Public Release: 

Using barcodes to trace cell development

German Cancer Research Center (Deutsches Krebsforschungszentrum, DKFZ)

How do the multiple different cell types in the blood develop? Scientists have been pursuing this question for a long time. According to the classical model, different developmental lines branch out like in a tree. The tree trunk is composed of stem cells and the branches are made up of various types of progenitor cells that can give rise to a number of distinct cell types. Then it further branches off into the specialized blood cells, i.e., red blood cells, blood platelets and various types of white blood cells that are part of the immune system. In recent years, however, doubts about this model have arisen.

Hans-Reimer Rodewald, a scientist at the German Cancer Research Center (Deutsches Krebsforschungszentrum, DKFZ) in Heidelberg, and his co-workers wanted to capture the dynamic events in blood cell formation instead of merely taking snapshots. In close collaboration with a research team led by systems biologist Thomas Höfer, the scientists have developed a new technology that enables them to precisely follow the developmental tracks of cells. To this end, they label stem cells with a kind of genetic barcode in order to be able to clearly identify their offspring later.

"Genetic barcodes have been developed and applied before, but they were based on methods that can also change cellular properties," Rodewald said. "Our barcodes are different: They can be induced tissue-specifically and directly in the genome of mice - without influencing the animals' physiological development." The basis of the new technology is the so-called Cre/loxP system that is used to rearrange or remove specially labeled DNA segments.

Weike Pei und Thorsten Feyerabend in Rodewald's team bred mice whose genomes exhibit the basic elements of the barcode. At a selected site, where no genes are encoded, it contains nine small DNA fragments from a plant called Arabidopsis thaliana. These elements are flanked by ten genetic cutting sites called IoxP sites. By administering a pharmacological agent, the matching molecular scissors called "Cre" can be activated in the animals' hematopoietic stem cells. Then code elements are randomly rearranged or cut out. "This genetic random DNA barcode generator can generate up to 1.8 million genetic barcodes and we can identify the codes that arise only once in an experiment," Höfer said.

"The mice then do the rest of the work," said Rodewald. When these specially labeled hematopoietic stem cells divide and mature, the barcodes are preserved. In collaboration with the Max Delbrück Center for Molecular Medicine, the researchers have performed comprehensive barcode analyses in order to trace an individual blood cell back to the stem cell from which it originates.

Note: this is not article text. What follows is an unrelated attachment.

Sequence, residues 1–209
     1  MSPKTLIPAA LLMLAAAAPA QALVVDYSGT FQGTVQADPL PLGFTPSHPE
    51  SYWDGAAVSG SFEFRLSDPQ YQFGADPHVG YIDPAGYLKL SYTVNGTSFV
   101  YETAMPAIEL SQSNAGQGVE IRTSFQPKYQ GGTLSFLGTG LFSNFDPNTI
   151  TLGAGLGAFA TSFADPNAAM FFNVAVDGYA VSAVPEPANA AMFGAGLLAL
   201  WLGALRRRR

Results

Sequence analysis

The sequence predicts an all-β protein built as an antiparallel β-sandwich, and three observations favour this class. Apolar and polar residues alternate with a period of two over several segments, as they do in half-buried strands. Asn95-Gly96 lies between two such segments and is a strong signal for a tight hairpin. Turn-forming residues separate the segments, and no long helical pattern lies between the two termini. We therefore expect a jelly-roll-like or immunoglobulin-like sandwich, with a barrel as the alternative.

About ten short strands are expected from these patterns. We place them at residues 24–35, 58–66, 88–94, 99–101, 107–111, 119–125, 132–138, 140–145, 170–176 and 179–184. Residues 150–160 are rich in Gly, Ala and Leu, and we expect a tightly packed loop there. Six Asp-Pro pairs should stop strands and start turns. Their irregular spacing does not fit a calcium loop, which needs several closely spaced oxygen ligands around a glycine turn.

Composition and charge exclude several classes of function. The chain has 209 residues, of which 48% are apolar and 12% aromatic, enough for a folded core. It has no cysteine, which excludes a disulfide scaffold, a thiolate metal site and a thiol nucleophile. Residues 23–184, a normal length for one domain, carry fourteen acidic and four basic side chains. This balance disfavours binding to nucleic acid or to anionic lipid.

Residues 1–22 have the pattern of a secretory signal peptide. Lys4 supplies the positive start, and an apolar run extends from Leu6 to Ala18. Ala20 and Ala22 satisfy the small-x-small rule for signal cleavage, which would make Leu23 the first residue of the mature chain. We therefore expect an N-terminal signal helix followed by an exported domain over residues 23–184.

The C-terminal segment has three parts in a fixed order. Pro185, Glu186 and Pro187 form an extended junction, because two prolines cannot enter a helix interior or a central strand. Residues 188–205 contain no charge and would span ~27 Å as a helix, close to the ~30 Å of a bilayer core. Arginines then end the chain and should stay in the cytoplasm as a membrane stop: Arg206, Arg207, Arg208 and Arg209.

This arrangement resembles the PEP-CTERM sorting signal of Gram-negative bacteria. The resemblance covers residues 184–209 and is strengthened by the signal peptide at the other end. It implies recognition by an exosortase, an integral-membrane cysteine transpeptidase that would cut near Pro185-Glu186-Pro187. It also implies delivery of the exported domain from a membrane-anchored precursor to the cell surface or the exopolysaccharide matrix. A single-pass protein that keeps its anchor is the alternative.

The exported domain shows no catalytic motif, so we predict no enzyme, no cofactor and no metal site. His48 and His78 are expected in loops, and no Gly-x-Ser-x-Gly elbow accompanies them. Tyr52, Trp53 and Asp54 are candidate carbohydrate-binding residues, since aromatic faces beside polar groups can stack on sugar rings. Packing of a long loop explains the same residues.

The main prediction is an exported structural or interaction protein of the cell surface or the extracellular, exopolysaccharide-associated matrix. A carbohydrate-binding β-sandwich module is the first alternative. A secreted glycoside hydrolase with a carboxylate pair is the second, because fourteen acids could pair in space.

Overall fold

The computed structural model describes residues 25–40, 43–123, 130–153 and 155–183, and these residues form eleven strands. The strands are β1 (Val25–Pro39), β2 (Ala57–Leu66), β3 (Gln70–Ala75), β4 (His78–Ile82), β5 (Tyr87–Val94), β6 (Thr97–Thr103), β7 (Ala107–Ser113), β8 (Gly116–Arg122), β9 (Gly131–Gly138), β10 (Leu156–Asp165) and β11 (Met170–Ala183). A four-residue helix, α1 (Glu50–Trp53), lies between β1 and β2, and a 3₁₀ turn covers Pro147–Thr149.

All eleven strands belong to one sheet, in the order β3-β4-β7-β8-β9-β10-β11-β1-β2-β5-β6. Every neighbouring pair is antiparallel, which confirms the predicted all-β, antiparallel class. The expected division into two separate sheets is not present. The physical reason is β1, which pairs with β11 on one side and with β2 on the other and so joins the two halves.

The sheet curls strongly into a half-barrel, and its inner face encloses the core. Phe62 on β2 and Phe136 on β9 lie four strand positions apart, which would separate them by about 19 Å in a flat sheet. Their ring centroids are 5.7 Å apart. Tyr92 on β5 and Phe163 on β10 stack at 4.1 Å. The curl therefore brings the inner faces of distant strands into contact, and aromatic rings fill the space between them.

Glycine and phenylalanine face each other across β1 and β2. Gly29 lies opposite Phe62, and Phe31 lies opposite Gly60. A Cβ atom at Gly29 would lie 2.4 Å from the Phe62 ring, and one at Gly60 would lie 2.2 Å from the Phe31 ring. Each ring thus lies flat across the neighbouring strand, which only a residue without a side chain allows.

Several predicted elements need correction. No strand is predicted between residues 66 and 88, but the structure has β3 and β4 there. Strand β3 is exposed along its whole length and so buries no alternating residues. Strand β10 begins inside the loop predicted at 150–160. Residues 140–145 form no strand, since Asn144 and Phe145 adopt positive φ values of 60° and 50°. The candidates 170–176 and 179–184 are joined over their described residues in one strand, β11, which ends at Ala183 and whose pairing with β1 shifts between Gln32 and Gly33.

These analyses have revealed that two large developmental branches start out from the hematopoietic stem cells of the mice: In one branch, T cells and B cells of the immune system develop; in the other, red blood cells as well as various other types of white blood cells such as granulocytes and monocytes form. All these cell types can arise from a single stem cell. "Our findings show that the classical model of a hierarchical developmental tree that starts from multipotent stem cells holds true for hematopoiesis," Rodewald emphasized.

The system developed by the Heidelberg researchers can also be used for other purposes besides studying blood cell development. This strategy can basically be applied in any tissue. In the future, it might also be used for experimentally tracing the origin of leukemias and other cancers.


Weike Pei, Thorsten B. Feyerabend, Jens Rössler, Xi Wang, Daniel Postrach, Katrin Busch, Immanuel Rode, Kay Klapproth, Nikolaus Dietlein, Claudia Quedenau, Wei Chen, Sascha Sauer, Stephan Wolf, Thomas Höfer and Hans-Reimer Rodewald: Polylox barcoding reveals haematopoietic stem cell fates realized in vivo. Nature 2017, DOI: 10.1038/nature23653

The German Cancer Research Center (Deutsches Krebsforschungszentrum, DKFZ) with its more than 3,000 employees is the largest biomedical research institute in Germany. At DKFZ, more than 1,000 scientists investigate how cancer develops, identify cancer risk factors and endeavor to find new strategies to prevent people from getting cancer. They develop novel approaches to make tumor diagnosis more precise and treatment of cancer patients more successful. The staff of the Cancer Information Service (KID) offers information about the widespread disease of cancer for patients, their families, and the general public. Jointly with Heidelberg University Hospital, DKFZ has established the National Center for Tumor Diseases (NCT) Heidelberg, where promising approaches from cancer research are translated into the clinic. In the German Consortium for Translational Cancer Research (DKTK), one of six German Centers for Health Research, DKFZ maintains translational centers at seven university partnering sites. Combining excellent university hospitals with high-profile research at a Helmholtz Center is an important contribution to improving the chances of cancer patients. DKFZ is a member of the Helmholtz Association of National Research Centers, with ninety percent of its funding coming from the German Federal Ministry of Education and Research and the remaining ten percent from the State of Baden-Württemberg.

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